Zunar (Malaysia)

Zunar beats a sad record in 2015. The Malaysian then faces a 43-year prison sentence – unprecedented for a cartoonist – for having denounced a vast case of state corruption. Under house arrest, he was accused of sedition on the basis of a 1948 law protecting any attack against the government. In 2016, when his trial was postponed, he received the International Press Cartoon Prize in Geneva. Two years later, thanks to the coming to power of a new government, he will see the prosecutions against him abandoned … But here he is again recently accused of sedition. In the 2021 world press freedom ranking established by Reporters Without Borders, Malaysia occupies a poor 119th place … but far ahead of China, 177th out of 180.

Gábor Pápai (Hungary)

In the midst of the Covid-19 pandemic, the chief physician of the Hungarian National Public Health Center affirms in spring 2020 without flinching that the vast majority of deaths are due to pre-existing pathologies. Gábor Pápai then publishes in the daily Nepszava a caricature showing this professional wondering if Jesus would not have also died of a comorbidity … Ally of President Orban, the Christian Democratic People’s Party immediately accuses the designer of blasphemy, who will be condemned for “attacking the human dignity of the complainant and his religious faith ”. Or how to pass political censorship under the influence of religion. A sad first in a member state of the European Union.

Ann Telnaes (United States)

“Watch out for social networks!” also announces the exhibition created in Le Locle. Ann Telnaes had the bitter experience of it… In December 2015, she caricatures Senator Ted Cruz showing off two trained monkeys, a reference to a promotional video in which the candidate for the Republican primaries featured his two little daughters, which earned him accusations of instrumentalization of children. The Texan supporters then trigger a storm of denigration of the designer who will see the debate slip. It is less the drawing of Ann Telnaes than her status as a woman who will be attacked, with messages going as far as calls for rape, pushing the Washington post to withdraw the contested cartoon. And the Pulitzer Prize winner for publicly worrying about the harmful power of networks.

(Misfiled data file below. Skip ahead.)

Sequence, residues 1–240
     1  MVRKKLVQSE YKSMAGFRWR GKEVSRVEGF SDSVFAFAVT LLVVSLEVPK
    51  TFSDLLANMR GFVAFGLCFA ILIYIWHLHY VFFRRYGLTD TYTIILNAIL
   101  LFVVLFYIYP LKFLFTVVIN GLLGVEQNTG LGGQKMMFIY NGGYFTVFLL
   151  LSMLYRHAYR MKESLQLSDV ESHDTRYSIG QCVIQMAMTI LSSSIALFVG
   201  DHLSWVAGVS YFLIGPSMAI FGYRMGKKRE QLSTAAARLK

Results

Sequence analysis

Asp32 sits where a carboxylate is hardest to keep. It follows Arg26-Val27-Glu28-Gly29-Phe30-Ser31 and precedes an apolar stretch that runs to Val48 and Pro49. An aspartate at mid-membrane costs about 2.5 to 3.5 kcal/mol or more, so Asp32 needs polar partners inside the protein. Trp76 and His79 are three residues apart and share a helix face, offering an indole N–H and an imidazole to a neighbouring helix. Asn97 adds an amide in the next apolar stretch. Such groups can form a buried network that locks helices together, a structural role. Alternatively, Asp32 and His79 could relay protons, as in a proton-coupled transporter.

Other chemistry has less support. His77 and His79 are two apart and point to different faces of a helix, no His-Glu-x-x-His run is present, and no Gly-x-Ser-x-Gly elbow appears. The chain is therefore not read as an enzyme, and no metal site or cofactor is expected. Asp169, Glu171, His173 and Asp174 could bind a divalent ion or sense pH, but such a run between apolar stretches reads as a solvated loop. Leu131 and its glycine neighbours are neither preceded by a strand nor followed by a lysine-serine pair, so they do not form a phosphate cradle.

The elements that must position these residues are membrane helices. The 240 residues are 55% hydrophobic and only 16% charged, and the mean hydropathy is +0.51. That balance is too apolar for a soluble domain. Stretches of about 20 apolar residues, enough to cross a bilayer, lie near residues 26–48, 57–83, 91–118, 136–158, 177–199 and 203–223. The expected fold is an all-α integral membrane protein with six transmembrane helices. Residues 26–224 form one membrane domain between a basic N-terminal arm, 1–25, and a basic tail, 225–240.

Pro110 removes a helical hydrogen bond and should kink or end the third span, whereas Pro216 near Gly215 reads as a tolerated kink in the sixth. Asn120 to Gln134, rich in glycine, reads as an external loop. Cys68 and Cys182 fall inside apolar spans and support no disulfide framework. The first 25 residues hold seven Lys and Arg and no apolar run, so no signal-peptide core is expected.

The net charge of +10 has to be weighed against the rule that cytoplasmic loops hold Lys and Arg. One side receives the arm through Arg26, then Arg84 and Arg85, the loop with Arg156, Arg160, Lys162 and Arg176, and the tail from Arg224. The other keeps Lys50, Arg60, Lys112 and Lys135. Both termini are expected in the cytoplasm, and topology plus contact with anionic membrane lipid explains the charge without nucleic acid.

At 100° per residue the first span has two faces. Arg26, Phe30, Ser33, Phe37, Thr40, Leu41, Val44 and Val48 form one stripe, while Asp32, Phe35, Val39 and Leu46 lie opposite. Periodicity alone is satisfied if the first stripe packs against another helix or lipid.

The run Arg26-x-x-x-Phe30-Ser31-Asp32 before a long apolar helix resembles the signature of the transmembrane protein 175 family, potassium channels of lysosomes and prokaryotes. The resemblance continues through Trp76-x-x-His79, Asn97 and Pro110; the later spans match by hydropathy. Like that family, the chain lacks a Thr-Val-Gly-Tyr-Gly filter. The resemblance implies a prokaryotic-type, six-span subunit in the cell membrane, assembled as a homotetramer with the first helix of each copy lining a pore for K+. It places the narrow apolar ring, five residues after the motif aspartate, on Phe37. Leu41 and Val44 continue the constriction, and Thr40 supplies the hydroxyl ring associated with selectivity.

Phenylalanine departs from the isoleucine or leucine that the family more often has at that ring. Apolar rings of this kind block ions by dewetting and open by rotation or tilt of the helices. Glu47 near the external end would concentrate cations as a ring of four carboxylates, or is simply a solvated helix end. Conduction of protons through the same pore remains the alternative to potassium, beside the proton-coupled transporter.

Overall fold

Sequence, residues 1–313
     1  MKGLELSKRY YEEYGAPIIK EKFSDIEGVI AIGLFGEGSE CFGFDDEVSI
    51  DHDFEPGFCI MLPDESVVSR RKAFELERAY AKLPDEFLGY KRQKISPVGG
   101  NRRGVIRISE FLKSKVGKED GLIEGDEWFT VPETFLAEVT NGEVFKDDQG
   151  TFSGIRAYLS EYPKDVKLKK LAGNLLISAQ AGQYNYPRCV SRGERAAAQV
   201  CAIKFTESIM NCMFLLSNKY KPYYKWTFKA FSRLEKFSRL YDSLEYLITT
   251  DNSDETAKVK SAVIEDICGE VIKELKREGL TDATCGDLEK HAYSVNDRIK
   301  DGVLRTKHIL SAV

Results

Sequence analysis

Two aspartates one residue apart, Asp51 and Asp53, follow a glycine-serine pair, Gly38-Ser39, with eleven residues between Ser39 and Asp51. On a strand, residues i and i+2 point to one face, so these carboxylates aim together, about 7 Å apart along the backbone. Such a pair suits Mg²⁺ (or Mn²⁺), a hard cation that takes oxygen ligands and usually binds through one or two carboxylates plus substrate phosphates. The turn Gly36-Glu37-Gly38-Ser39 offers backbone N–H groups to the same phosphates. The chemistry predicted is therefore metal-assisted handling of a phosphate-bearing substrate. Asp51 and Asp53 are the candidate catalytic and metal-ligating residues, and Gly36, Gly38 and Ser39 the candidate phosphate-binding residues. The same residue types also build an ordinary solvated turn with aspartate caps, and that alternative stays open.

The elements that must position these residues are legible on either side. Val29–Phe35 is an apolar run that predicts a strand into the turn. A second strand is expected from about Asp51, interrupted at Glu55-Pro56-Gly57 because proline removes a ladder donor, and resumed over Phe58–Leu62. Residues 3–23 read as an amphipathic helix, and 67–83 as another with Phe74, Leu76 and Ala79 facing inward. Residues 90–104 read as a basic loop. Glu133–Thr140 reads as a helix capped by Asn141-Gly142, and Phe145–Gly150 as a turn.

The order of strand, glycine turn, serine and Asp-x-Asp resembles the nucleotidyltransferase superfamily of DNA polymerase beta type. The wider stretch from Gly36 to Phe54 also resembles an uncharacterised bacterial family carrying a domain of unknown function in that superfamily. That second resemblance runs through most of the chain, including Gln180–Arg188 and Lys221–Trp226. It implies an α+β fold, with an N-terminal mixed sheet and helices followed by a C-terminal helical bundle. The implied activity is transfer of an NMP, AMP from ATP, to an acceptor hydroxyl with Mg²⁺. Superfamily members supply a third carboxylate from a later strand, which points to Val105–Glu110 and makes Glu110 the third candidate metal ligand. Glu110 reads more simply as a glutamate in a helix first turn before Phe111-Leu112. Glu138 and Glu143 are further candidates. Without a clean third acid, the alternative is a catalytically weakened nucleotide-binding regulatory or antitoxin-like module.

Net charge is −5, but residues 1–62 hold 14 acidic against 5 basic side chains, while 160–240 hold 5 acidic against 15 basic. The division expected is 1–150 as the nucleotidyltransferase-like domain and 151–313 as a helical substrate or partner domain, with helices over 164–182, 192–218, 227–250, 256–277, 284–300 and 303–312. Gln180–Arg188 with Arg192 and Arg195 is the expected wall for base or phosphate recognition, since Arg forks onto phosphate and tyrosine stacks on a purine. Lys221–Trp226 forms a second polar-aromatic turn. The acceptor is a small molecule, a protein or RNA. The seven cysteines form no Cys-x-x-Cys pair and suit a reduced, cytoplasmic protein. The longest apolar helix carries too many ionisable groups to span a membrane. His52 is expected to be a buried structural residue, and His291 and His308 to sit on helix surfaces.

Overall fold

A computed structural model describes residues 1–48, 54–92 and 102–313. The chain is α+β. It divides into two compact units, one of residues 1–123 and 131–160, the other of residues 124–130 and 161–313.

Xavier Gorce (France)

“Beware of cautious editorial staff!” In January 2021, while literary news imposes incest in social debates, Xavier Gorce interweaves in a drawing featuring his famous penguins this sensitive theme and gender issues. Deemed by many to be transphobic and insulting to incest victims, the drawing was withdrawn and the editorial director of the World issue a public apology. Feeling disowned by his employer, Xavier Gorce resigned immediately – he now works for Point and recently signed a series of designs for The weather. Whatever one may think of the offending caricature, there is here a dangerous advance in the cancel culture – erase all traces of litigation rather than launching a true and healthy debate of ideas.

Martial Leiter (Switzerland)

Sometimes also, “beware of self-censorship!”. In 1975, the magazine The illustrated, now a dashing centenary, commissions Martial Leiter to paint a portrait of Federal Councilor Kurt Furgler. As a great artist that he is, the Neuchâtelois accentuates the features of the Saint-Gallois, exaggeratedly lengthens his face. “To draw a federal councilor with a skull is really insulting,” the editor-in-chief of The illustrated by refusing the drawing, which will then be taken up by the satirical newspaper The tile. There was a time in Switzerland when attacking the army, the banks and the Federal Council was frowned upon. But times are changing … “Today, laughs Martial Leiter, quoted in the exhibition, politicians are proud to exhibit a caricature of themselves in their office.”

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In Geneva, Chappatte and press cartoonists face up to freedom of expression